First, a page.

Fewer whites = more polarized politics

As is so often the case with the left-liberal failure to accurately predict the consequences of their policies, America’s increased diversity and vibrancy is not going reduce racial tensions and polarization, but increase them.

Now, as you get further down, you see outliers, where the GOP’s share of the white vote is far higher than the GOP’s overall performance: for example, Alabama, Louisiana, and Mississippi. These are states typically in the Deep South, with large black populations. Obviously, there’s a strong degree of white solidarity to keep blacks from taking over the state.

For example, Mississippi went for Romney 56-44—and the way he won was by getting 88 percent of the white vote. Why did he get 88 percent of the white vote? Well, Mississippi has the largest black population of any state and according to this Reuters-Ipsos poll, blacks in Mississippi voted 100 percent for Obama (sample size = 38)

This is what “diversity” gets you in the long run. Lee Kwan Yew of Singapore says, in a multicultural democracy, everybody ends up voting on race.

But probably the two most interesting states that Romney won are not in the Deep South: Texas (76 percent of white vote) and Arizona (66 percent).

Texas is not really an old Deep South state by any means.  It has had a huge influx of Americans from all over the country since oil was first discovered in 1901, and it has its own culture. It shows the possibilities of what a state could do in terms of going heavily toward Republicans as a bloc vote: 76 percent is a pretty amazing number, but that’s what it took to keep rapidly-Hispanicizing Texas handily Republican.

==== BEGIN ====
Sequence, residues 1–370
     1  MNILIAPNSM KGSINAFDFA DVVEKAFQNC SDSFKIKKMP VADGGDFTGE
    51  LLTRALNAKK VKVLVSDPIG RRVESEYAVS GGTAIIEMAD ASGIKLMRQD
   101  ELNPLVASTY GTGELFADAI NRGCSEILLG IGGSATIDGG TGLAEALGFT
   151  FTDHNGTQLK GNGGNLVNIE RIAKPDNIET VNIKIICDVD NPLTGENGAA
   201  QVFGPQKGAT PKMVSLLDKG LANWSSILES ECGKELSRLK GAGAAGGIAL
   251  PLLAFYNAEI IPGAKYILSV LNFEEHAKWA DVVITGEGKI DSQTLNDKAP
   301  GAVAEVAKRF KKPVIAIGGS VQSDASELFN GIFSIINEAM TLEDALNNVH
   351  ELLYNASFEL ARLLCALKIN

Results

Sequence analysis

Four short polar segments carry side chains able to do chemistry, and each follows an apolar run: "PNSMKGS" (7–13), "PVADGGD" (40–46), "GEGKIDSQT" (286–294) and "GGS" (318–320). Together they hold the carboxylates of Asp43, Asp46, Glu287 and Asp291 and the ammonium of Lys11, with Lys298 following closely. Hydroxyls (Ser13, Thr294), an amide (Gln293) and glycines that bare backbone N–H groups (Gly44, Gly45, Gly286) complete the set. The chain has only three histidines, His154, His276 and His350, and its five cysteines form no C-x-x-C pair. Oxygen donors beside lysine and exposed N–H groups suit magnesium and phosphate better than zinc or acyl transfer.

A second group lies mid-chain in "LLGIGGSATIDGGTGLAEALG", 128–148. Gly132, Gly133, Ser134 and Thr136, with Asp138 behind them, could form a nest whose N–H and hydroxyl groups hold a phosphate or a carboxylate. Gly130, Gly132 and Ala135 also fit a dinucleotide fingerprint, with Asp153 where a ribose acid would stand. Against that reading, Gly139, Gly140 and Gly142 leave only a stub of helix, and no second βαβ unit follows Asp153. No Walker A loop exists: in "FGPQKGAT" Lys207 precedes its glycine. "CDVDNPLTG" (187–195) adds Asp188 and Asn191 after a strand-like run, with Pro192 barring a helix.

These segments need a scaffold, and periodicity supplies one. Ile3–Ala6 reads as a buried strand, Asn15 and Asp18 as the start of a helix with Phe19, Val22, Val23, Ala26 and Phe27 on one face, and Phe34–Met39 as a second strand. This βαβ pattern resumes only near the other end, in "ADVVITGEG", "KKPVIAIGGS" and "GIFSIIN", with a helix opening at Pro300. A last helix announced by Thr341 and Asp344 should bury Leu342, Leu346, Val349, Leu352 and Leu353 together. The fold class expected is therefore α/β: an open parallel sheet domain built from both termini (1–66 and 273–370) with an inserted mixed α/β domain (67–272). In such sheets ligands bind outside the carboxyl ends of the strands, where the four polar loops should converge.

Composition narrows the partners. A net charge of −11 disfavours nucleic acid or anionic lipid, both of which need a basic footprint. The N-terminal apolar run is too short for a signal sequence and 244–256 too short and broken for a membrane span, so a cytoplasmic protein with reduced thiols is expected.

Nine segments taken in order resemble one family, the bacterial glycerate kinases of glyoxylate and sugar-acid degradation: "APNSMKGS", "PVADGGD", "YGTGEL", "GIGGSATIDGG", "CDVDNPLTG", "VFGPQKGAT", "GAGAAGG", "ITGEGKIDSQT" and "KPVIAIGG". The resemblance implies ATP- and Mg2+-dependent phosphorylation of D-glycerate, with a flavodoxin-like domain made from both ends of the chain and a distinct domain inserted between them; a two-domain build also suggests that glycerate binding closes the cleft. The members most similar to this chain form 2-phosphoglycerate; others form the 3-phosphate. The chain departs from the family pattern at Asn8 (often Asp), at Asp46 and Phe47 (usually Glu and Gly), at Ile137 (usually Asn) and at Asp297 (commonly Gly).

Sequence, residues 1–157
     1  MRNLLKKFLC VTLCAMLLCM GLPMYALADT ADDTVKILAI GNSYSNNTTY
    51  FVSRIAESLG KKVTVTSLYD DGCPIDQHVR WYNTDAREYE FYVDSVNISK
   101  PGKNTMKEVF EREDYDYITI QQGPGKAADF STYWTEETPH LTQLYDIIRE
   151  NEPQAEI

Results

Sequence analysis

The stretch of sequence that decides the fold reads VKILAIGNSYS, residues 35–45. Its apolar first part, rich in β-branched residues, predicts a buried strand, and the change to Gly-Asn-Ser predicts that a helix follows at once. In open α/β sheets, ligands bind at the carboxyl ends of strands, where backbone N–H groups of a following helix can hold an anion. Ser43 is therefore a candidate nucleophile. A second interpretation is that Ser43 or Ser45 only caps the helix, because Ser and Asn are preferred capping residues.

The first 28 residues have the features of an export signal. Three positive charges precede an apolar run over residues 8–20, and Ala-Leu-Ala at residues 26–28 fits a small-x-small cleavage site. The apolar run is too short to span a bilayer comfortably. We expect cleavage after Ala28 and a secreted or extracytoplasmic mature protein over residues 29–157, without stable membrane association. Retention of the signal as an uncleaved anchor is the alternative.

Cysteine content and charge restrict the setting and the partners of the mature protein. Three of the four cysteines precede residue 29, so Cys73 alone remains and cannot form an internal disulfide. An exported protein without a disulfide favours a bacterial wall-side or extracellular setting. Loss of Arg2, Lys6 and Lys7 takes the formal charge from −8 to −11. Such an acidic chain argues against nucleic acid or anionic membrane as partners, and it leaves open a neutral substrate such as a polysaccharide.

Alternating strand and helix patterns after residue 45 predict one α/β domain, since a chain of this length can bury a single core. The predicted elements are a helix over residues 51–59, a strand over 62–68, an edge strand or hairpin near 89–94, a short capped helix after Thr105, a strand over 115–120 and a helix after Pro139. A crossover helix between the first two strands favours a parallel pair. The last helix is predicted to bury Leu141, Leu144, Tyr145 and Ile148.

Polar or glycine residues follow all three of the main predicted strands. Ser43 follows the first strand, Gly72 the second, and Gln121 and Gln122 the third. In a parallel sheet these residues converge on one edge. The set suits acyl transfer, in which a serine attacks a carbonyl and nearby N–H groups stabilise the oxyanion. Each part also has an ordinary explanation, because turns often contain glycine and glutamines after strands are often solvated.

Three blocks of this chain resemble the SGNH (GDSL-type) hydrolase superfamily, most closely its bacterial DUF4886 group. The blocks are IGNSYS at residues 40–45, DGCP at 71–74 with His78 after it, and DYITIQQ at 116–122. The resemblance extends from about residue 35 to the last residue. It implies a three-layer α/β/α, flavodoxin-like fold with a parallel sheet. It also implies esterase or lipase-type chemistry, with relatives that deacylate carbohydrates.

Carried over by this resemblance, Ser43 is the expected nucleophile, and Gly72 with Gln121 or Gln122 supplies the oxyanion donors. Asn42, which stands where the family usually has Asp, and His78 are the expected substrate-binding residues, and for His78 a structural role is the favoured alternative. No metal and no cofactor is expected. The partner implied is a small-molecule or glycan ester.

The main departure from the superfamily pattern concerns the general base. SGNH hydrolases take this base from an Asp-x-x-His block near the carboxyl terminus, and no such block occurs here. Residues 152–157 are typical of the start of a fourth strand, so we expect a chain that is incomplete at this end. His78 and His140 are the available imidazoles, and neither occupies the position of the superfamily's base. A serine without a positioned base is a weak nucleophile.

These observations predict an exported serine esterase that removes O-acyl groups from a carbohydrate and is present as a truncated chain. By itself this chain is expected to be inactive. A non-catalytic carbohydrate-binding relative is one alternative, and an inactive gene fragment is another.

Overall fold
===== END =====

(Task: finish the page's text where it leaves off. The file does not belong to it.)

If whites in Texas don’t vote consistently Republican, then the state, with its 38 Electoral Votes, will go Democratic in some future presidential election. And that would end the chances of the Republican Party as we know it ever regaining the White House.

So, GOP, you better hurry up and put all those illegal aliens in Texas on the path to citizenship!

Not being a Republican, I’m not at all concerned about Republican electoral prospects.  But it is worth noting that many Democrats like McRapey who have already fled their vibrant former neighborhoods for white strongholds are soon going to find themselves voting for what has effectively become the White Party whether they like it or not, not out of racial solidarity or because they have learned a strange new respect for Republican Party policies, but because the Everybody Else Party is going to abandon its feigned interest in equality as soon as the Latinos, Blacks, and Asians realize they have the numbers to quit playing poor helpless minority with the white left-liberals who previously dominated it.

It should be very interesting to see if Hillary Clinton is the Democratic nominee for 2016 or if she is again shouldered aside by a minority flag-bearer.  If that happens, we can be fairly certain that we will have seen the last white Democratic presidential nominee.